Somebody was reading Export Law Blog but was so busy looking for an email address to spam that they forgot to, you know, read the blog and see that I might have some difficulty in using her services to ship things through the port of Bandar Abbas in Iran.  Or perhaps she just has a very wry sense of humor:

And thank you, “Ms. Pari,” for the kind offer of your services. I’m glad you were glad to take the opportunity to contact me. So sorry it didn’t work out.

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Jan

9

Be Careful What You Post on Facebook


Posted by Clif Burns at 6:58 pm on January 9, 2014
Category: BISIran Sanctions

Pouya Airlines IL 76 at Antalya Airport via https://www.facebook.com/media/set/?set=a.546519808709147.135602.240207326007065&type=1 [Fair Use]We’ve all heard the story of exuberant youngsters who find their career hopes dashed because they posted on Facebook pictures of themselves half-clothed and glassy-eyed with a margarita in one hand and a bong in the other. It’s a cautionary tale, for sure, and has certainly meant that many people have realized that they perhaps should confine pictures of their latest bacchanalian orgy to a more discrete mode of distribution among friends than Facebook. If you wouldn’t send it to your grandmother, don’t post it on your Facebook page, right?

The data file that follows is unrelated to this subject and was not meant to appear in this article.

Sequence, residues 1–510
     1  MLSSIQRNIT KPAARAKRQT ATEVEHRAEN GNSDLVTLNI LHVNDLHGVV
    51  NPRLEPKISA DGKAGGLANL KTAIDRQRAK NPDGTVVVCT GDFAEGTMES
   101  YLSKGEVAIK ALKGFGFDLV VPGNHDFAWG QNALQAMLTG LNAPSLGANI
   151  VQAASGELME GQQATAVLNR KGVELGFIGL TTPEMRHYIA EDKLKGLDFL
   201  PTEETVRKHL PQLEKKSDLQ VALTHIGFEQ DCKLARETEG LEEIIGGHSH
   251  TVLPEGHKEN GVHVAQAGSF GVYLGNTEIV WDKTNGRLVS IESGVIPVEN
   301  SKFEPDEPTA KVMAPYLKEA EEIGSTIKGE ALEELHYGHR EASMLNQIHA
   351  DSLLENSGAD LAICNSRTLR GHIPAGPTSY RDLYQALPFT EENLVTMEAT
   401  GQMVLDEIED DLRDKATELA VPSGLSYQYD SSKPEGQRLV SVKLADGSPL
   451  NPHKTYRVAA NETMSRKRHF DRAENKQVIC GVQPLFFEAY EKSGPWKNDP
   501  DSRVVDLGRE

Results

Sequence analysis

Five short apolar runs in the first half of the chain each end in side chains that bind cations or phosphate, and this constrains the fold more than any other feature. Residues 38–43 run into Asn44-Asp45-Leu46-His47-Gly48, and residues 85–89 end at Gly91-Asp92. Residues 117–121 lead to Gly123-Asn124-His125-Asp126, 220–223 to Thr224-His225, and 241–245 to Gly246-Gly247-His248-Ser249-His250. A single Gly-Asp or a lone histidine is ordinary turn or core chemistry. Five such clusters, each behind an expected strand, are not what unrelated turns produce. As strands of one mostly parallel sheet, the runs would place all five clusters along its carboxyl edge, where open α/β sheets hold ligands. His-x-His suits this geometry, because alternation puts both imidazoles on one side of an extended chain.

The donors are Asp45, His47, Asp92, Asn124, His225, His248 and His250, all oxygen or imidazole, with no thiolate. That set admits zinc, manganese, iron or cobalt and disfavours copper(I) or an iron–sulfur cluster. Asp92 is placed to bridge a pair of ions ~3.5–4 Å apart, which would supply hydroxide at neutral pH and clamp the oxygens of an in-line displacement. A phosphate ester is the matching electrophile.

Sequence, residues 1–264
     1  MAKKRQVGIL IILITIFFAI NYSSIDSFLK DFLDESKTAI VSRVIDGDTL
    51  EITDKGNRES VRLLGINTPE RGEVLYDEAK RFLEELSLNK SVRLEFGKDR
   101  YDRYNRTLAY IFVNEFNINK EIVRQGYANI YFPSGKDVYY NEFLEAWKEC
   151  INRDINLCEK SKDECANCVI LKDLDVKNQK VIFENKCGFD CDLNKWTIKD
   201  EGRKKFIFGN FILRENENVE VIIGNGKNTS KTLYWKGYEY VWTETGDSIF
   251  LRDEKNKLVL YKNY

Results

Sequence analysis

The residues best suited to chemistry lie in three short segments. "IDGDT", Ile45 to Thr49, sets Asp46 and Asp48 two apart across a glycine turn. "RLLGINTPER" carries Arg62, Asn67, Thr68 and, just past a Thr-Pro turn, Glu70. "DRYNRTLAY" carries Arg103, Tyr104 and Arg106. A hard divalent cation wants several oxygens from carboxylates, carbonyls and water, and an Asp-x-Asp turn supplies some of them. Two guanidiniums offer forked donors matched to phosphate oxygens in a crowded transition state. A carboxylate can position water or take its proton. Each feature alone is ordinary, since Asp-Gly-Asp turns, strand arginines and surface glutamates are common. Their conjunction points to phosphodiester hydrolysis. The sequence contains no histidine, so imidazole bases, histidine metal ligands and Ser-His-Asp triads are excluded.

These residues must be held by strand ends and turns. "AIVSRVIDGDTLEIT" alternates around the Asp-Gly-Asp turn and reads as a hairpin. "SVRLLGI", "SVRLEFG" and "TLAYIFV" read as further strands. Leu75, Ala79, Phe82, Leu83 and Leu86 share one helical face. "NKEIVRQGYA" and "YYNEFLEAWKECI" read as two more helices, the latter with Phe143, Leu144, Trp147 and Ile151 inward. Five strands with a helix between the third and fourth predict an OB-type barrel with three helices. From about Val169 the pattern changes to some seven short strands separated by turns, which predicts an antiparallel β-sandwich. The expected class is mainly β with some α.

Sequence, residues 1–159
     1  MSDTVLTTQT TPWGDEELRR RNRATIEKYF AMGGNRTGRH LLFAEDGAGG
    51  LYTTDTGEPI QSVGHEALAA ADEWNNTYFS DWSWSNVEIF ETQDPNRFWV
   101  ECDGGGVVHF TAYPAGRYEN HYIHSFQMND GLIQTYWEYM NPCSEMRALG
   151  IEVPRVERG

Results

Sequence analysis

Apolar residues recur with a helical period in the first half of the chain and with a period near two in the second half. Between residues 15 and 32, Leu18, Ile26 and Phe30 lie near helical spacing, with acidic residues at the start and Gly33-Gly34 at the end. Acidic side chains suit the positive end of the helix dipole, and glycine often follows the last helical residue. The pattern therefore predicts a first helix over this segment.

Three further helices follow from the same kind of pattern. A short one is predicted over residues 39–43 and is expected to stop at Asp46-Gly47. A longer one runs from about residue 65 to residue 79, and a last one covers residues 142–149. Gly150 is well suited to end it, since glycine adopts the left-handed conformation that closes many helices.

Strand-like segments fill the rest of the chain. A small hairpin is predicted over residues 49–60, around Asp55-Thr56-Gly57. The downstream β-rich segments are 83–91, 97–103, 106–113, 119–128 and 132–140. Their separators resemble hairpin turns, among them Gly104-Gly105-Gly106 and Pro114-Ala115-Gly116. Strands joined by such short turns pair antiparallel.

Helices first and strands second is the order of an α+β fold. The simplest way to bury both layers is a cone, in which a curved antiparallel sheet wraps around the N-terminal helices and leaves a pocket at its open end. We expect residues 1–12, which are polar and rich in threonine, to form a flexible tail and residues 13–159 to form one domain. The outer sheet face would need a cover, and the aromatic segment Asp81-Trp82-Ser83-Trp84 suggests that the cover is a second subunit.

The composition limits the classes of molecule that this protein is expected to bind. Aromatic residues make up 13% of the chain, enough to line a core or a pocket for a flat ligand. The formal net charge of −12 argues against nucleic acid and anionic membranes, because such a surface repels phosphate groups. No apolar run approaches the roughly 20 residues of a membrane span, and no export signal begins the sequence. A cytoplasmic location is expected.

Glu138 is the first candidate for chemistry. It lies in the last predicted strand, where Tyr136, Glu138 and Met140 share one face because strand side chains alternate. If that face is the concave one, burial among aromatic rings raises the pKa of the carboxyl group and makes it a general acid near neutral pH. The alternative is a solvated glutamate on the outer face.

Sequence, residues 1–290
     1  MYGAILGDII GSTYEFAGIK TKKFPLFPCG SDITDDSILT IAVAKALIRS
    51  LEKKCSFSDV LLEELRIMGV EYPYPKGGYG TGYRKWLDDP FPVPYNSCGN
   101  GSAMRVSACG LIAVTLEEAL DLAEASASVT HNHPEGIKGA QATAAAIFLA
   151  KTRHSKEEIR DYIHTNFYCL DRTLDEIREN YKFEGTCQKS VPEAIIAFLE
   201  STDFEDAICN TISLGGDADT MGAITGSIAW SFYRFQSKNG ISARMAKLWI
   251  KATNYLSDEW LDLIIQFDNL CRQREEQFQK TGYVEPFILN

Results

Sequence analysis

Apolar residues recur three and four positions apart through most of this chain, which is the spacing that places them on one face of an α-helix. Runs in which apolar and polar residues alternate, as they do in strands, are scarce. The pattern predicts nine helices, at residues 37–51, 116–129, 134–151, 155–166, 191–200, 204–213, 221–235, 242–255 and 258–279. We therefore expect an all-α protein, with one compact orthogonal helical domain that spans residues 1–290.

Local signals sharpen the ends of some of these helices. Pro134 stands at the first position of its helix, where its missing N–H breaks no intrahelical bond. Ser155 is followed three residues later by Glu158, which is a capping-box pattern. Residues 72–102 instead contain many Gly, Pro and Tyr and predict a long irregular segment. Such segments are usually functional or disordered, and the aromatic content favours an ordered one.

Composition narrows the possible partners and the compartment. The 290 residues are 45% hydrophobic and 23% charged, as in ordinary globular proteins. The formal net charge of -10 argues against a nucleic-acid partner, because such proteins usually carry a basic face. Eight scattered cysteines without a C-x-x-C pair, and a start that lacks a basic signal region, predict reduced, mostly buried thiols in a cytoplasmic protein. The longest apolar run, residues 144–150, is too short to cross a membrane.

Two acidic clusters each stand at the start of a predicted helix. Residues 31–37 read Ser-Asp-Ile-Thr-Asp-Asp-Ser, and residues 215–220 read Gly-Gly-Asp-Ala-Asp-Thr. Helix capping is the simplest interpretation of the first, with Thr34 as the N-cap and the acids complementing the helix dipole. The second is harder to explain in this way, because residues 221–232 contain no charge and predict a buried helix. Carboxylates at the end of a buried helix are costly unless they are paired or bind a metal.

So, you’re wondering, what does this have to do with export law? Well, believe it or not, it relates to a possible explanation of a recent temporary denial order issued by the Bureau of Industry and Security (“BIS”) on January 3 against 3K Aviation and others related to the planned export on January 7 of U.S.-origin aircraft engines by 3K from Turkey to Iran via the Iranian cargo carrier Pouya Airline. Many people have expressed surprise that a TDO would be issued that forbade all export related activity by 3K rather than an order forbidding the export of the engines at issue given that the order was issued before the export at issue had even taken place. Typically, as in the Mahan Air case, the TDO is issued after the forbidden export has occurred and prohibits all export-related activity during the effective period of the TDO.